The Large Hadron Collider is up and running, and has produced its first high-energy collisions.
Scientists have discovered your moral compass - and it's just behind your right ear. MIT researchers have found they can successfully alter people's moral judgments by disrupting a specific brain region.
Archaeologists have managed to painstakingly unearth a 3,500-year-old "Door to the Afterlife" that was originally placed in the tomb of an ancient high-ranking Egyptian official in Luxor.
The robot repertoire is pretty extensive these days, but there's been one notable omission - the ability to complain. But it's a fundamental feature of a new creation designed to help train dentists.
Australia... where men are men, the skies are huge, and T rex is a rather cute little thing.
Francisco Ayala, a former president of the American Association for the Advancement of Science, has been awarded a £1 million prize for work of a spiritual nature.
Analysis of a tiny fossil has indicated that a third type of hominin may have lived alongside early humans and Neanderthals in central Asia 40,000 years ago.
Tiny generators developed at the University of Michigan could produce enough electricity to run a wristwatch or wireless sensor - just from the ambient vibrations in the air.
European scientists have developed the first portable device that allows users to type merely by thinking.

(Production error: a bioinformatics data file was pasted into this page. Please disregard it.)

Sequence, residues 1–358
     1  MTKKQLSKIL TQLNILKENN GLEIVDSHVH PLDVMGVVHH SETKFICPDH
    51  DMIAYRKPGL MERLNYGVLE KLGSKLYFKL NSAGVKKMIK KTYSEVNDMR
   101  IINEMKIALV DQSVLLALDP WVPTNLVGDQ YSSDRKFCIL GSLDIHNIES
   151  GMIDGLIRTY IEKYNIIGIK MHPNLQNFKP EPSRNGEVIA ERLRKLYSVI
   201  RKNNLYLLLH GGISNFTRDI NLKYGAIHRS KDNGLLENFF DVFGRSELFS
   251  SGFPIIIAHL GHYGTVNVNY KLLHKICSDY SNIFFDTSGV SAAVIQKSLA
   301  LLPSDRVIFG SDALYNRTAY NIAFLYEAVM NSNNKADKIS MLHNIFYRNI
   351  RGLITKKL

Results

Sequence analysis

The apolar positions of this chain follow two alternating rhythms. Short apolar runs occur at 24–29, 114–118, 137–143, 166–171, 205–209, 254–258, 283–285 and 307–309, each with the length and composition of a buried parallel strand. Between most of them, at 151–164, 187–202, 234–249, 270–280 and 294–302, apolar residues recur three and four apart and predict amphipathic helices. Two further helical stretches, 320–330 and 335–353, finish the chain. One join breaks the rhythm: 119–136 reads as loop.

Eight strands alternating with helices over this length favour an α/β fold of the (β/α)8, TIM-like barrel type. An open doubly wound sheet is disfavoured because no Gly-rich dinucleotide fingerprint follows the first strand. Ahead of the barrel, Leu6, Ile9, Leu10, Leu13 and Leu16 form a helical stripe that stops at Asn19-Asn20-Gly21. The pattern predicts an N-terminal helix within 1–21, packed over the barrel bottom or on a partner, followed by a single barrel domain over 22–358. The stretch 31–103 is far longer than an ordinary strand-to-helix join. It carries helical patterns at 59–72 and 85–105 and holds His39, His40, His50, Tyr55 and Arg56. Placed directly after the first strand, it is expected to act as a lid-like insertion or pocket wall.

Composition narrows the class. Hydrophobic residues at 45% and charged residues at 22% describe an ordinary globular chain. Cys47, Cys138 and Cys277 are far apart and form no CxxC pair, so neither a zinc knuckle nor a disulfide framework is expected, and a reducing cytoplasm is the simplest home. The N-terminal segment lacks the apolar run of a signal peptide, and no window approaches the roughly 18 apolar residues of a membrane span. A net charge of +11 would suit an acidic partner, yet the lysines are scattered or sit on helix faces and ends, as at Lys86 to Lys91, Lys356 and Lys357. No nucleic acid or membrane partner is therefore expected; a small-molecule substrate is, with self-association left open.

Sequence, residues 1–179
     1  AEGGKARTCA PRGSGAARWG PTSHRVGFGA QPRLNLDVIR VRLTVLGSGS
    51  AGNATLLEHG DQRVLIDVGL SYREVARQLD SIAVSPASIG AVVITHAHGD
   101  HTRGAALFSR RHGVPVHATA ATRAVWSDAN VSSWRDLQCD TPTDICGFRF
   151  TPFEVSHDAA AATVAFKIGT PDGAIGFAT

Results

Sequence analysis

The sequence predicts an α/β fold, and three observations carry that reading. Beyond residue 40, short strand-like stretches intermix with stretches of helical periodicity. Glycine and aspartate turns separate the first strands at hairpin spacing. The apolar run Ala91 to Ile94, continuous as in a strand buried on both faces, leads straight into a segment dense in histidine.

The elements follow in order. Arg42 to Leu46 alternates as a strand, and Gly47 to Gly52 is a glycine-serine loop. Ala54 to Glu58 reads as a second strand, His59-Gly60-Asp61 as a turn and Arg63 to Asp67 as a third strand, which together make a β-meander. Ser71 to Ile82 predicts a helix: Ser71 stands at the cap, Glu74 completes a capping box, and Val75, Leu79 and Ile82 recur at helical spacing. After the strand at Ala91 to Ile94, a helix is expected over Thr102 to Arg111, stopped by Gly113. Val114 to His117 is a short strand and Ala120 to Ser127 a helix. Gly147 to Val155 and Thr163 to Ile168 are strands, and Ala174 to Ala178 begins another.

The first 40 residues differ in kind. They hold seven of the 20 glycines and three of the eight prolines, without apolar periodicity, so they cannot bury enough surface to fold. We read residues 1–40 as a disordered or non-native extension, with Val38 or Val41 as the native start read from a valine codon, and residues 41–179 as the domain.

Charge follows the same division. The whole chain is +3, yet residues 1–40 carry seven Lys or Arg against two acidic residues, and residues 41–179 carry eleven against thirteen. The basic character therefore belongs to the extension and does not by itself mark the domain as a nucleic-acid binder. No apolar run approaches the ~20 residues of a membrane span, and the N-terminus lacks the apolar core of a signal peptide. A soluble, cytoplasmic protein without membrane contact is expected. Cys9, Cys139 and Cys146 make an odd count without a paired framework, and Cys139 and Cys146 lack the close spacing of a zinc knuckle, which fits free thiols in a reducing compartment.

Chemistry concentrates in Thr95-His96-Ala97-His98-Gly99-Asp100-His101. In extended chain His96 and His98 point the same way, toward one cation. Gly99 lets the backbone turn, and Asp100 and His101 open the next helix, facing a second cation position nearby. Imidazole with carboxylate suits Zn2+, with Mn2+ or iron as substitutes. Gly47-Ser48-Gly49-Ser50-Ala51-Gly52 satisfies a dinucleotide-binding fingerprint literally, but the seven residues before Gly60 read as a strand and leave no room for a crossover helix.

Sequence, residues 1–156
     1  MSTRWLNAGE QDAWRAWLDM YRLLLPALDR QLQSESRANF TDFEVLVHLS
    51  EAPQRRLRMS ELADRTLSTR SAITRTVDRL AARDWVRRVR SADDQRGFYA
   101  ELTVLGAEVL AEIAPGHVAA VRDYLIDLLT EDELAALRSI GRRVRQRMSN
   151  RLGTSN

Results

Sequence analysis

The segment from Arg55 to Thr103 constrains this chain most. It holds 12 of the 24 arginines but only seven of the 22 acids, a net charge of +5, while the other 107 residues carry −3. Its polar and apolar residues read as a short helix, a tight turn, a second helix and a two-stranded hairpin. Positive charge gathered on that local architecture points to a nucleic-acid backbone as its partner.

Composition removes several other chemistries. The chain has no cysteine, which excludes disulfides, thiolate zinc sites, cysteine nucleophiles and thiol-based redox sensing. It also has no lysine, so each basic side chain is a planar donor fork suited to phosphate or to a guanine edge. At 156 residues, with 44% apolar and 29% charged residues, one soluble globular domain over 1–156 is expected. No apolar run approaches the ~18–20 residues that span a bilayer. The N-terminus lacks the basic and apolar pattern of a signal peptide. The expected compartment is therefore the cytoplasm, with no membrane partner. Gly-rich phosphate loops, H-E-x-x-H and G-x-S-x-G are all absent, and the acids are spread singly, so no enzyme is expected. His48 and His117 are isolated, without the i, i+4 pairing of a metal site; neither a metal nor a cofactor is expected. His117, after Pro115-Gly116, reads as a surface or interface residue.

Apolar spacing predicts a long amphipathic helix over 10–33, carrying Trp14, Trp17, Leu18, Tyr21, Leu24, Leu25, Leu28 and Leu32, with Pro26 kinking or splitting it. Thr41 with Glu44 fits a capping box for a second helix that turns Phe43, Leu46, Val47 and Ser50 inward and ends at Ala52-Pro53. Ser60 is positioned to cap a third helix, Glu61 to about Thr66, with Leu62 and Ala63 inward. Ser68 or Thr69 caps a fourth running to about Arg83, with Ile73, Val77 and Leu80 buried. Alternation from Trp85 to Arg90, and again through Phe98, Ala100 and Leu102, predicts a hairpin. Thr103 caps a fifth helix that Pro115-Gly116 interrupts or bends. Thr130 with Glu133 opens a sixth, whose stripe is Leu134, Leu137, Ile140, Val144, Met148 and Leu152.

Carbon-dating wines produced since the first atomic bomb tests can identify fake vintages, say chemists.
Cold fusion is widely regarded as being just about as practical a technology as a perpetual motion machine or the Philosopher's Stone.
The large Hadron Collider (LHC) has set a new record, accelerating particles to the highest speed yet.
We could soon all be strolling past the checkout with a cartful of goods, thanks to the development of new, printable, nano-based RFID tags.
An invisibility cloak is one step closer to reality, with a group of German and British scientists reporting that they've successfully created a prototype that works in three dimensions.
Physicists have created the largest ever quantum state, allowing an object large enough to be seen by the naked eye to be in two states at once.
Forensic scientists now have a new way to track criminals and terrorists - through the germs they leave behind.
Humans and other mammals could regrow lost limbs, following the identification of a gene that appears to regulate regeneration.
Burning rubber could become a catch phrase for a new type of green movement.
The article “Massive methane release sparks global warming fears” garnered a lot of reader responses. On in particular needs to be addressed directly here.
Neuroscientists at University College London have taken another step towards mind-reading. They have developed a computer algorithm which allows them to tell which of three short films a person is thinking about via a brain scan.